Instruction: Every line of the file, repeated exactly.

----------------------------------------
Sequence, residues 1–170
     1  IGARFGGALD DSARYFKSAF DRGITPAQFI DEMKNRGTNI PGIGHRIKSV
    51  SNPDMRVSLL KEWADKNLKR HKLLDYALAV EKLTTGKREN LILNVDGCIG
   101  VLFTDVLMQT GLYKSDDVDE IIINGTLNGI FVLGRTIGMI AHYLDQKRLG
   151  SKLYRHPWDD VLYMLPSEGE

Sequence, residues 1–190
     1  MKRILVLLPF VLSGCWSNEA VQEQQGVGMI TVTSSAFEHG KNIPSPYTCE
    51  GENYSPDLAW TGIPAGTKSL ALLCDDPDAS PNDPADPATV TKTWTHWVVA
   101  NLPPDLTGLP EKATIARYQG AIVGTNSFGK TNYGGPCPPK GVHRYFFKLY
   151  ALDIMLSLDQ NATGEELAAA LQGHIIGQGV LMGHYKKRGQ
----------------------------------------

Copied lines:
Sequence, residues 1–170
     1  IGARFGGALD DSARYFKSAF DRGITPAQFI DEMKNRGTNI PGIGHRIKSV
    51  SNPDMRVSLL KEWADKNLKR HKLLDYALAV EKLTTGKREN LILNVDGCIG
   101  VLFTDVLMQT GLYKSDDVDE IIINGTLNGI FVLGRTIGMI AHYLDQKRLG
   151  SKLYRHPWDD VLYMLPSEGE

Sequence, residues 1–190
     1  MKRILVLLPF VLSGCWSNEA VQEQQGVGMI TVTSSAFEHG KNIPSPYTCE
    51  GENYSPDLAW TGIPAGTKSL ALLCDDPDAS PNDPADPATV TKTWTHWVVA
   101  NLPPDLTGLP EKATIARYQG AIVGTNSFGK TNYGGPCPPK GVHRYFFKLY
   151  ALDIMLSLDQ NATGEELAAA LQGHIIGQGV LMGHYKKRGQ